I used to teach English and Australian culture for Year 10 and 11 students intending to finish their high school in Australia. I enthusiastically told them about Australians’ love for the beach, outdoor BBQ, and picnic in the park – just don’t forget to apply sun screen and drink enough water.
After class I walked with the students passing a sunny courtyard and, to my dismay, a girl wiggled to stay under the shade and complained loudly that she didn’t want to get sunray as it would “turn her black”. I reminded her that Australia is a sunny place, but she insisted that she would avoid sun as much as possible as she didn’t want to have dark skin. Dark skin doesn’t look good on Asian girls. I told her that Grace Park and Tara Basro looked great, but she said she never heard of them.
The awful thing about this conversation is that there was a Papuan girl in the group as we were talking. At first I was also puzzled as the girl, who happens to be Chinese, hung out with dark-skinned Javanese guys, but soon I got the point. Tanned guys are fine, tanned girls are not.
Indeed many Asian women in Australia dislike sunray, and not because it’s dizzying and could increase the risk of cancer, but because it could darken their skin. In the reality show Bondi Rescue, now and then the lifeguards approach Asian women (usually Korean or Chinese international students or tourists) who wear long summer dresses, big hats, and big sunglasses dipping their toes on the water. If they want to play on the shore, they are advised to wear swimsuit, as the long dress and big accessories can be dangerous in case they fall into the water.
The women want to experience the beach and the surfs (as well taking selfies and groupfies) but not to swim. The long dresses and the big accessories are worn so they can return from the beach without getting too tanned.
The easiest explanation on why Asian people – from Japan to India – value fair skinned women is to do with social status. Peasant women spent the whole day farming, while aristocratic women spent their days at the palace and had enough time to look after themselves.
Of course this happened throughout the world, but in modern times this distinction persists in Asia. Modern Korean beauty products take pride in the lore that Koreans have mastered the science of skin whitening and smoothening for millennia.
Besides skin tone, weight and body shape can be another problematic factor in Asian societies. Westerners recently mocked the A4 challenge, an online trend that started in China where women demonstrate their slim figures by comparing their waists to the width of an A4 paper (21cm). The trend spread to other Chinese-speaking parts of Asia-Pacific. What saddens me is that this is just the latest trend after the “belly button challenge” and the “collarbone challenge” that would continue because the women proud of the challenge and the women making fun of the trends won’t talk to each other.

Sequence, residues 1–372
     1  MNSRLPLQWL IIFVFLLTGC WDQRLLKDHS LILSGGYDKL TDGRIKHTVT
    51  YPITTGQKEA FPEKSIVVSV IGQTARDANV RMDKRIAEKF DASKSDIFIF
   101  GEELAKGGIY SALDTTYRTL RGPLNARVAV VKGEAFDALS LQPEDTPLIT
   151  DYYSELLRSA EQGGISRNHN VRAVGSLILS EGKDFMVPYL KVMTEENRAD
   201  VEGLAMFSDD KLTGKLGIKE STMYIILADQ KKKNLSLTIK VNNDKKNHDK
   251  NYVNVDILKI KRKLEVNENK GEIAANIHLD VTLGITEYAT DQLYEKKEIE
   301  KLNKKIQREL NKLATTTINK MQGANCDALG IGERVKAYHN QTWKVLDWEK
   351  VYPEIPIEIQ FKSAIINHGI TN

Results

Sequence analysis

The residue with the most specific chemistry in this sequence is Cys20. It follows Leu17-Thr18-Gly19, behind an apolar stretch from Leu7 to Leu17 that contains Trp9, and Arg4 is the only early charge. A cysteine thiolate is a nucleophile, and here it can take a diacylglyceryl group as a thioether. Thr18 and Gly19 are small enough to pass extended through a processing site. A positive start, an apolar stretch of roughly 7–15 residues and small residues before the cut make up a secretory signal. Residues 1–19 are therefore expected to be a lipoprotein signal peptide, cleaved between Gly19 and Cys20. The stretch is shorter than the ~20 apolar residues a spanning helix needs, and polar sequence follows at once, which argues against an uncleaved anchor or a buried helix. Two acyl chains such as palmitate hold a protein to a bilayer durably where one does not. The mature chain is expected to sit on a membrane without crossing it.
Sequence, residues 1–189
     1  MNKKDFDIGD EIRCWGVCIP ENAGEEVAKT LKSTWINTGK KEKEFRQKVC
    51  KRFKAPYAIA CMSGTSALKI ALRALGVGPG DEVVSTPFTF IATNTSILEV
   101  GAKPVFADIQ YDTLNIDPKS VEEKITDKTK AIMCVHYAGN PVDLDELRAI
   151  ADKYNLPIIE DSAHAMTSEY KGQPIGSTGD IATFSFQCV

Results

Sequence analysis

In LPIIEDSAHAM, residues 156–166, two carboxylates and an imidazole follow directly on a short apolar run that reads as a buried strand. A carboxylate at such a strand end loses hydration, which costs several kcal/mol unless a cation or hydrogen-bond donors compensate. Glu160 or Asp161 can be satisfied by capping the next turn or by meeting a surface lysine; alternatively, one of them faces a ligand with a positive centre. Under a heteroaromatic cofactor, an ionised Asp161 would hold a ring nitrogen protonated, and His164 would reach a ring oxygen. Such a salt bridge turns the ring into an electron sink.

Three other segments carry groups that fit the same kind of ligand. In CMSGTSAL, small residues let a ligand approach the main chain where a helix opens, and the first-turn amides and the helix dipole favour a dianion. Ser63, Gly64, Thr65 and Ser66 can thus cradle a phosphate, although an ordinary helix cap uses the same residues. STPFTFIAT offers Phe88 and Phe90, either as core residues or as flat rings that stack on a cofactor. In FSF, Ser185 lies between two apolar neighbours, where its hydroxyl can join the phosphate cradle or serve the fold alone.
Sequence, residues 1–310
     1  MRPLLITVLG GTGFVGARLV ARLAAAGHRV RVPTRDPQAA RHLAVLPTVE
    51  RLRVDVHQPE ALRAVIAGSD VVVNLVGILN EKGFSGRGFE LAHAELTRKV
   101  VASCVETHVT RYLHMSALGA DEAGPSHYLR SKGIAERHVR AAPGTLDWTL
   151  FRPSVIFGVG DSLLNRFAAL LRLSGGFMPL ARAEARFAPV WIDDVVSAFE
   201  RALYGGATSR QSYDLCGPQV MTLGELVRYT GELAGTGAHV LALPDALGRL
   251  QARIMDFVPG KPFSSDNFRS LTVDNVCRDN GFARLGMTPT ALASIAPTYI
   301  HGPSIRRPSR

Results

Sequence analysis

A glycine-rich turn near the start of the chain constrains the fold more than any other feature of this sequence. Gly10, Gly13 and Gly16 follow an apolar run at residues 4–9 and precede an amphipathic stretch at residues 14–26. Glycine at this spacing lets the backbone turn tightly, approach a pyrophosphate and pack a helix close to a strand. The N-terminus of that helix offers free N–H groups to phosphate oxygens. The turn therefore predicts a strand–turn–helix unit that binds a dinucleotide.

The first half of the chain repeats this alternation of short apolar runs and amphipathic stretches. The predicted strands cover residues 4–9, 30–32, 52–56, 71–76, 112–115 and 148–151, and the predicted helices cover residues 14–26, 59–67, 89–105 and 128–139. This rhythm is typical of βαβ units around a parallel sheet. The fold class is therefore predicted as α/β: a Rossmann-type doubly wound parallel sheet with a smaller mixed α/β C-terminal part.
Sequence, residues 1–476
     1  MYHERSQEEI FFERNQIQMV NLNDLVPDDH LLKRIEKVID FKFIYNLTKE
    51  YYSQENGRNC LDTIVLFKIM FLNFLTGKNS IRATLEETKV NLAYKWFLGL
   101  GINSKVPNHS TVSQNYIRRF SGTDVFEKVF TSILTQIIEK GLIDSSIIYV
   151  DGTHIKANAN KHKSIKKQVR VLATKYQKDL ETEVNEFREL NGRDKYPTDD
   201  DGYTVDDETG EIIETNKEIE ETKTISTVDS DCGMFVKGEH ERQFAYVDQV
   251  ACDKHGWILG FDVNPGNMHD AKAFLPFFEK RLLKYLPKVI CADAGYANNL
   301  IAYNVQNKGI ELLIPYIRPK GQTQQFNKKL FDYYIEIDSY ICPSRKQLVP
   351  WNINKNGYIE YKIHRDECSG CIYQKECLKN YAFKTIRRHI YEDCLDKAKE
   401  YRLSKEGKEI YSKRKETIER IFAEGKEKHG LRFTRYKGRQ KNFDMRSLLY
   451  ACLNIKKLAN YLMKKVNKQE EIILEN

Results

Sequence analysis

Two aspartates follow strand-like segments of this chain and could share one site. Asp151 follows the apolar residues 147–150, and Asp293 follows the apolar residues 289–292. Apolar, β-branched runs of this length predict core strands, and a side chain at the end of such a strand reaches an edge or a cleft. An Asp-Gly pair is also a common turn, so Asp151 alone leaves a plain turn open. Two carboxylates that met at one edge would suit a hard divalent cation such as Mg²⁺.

I am a male with pale skin tone and big eyelids. A friend said had I been a woman, I would have been so cute and attractive (I hardly ever heard women say I am cute and attractive), since many Chinese women worry about their skin tone and small eyelids.
Once I applied sunscreen before swimming and my friends quipped that since I’m white, I didn’t need it (really, nobody worried about skin cancer or even sunburns). While I don’t think I need the whitening feature of several body wash and face wash products, I can see the appeal of these products for both men and women. Everyone has the right to aspire to have whiter teeth, lighter skin tone, and shinier hair.
On the other hand, I can see how several advertisements on skin whitening degrade women with paler skin. There are even several “pan-Asian” advertisements made in India or Thailand shown in our free-to-air channels, and ads made in Singapore or Malaysia shown in our pay TVs. Wherever the ads were made and for whatever market, the message is the same: a person with lighter skin color is always more confident, more popular, and more successful.
But I am happy that awareness of body image is more alive now among middle class Indonesians. When I shared this article on “Ideal Beauty” on Facebook, I did not expect some Chinese friends to like the article, and even make positive comments about the article in relations to their experiences. They acknowledged that there are problems with beauty standards in their professional and social circles. This is good news, as I have grown tired with my problematic fave – Korean girl band members who keep making jokes about people with darker skin tone.
Everything should come down to choice. Hijab or bangs, blonde hair or jet-black hair, light make up or all-out, weightlifting or weight gains. I understand it is tiring having to put up with your family members, social circles, or even strangers questioning and commenting on your figure, your skin tone, and your choice of wardrobe.
During a particularly awful social night, I stayed silent when a woman with darker skin tone was made fun of by a guy and other women laughed. Perhaps another chance I would have spoken out and stood up for her, while trying to be calm and witty. But that night when I came home feeling awful about letting that horrible comment gone uncriticized, I realized it must have been harder for her.
I am a terrible debater, but it is not about winning or losing. It is about spreading consciousness and awareness, which are both urgently needed by Asian communities. As it is not clear if staying quiet or speaking out makes any difference for my real life social standing, speaking out might be the better option.
Read Mario’s column on ongoing culture war in Indonesia and follow @mariorustan on Twitter.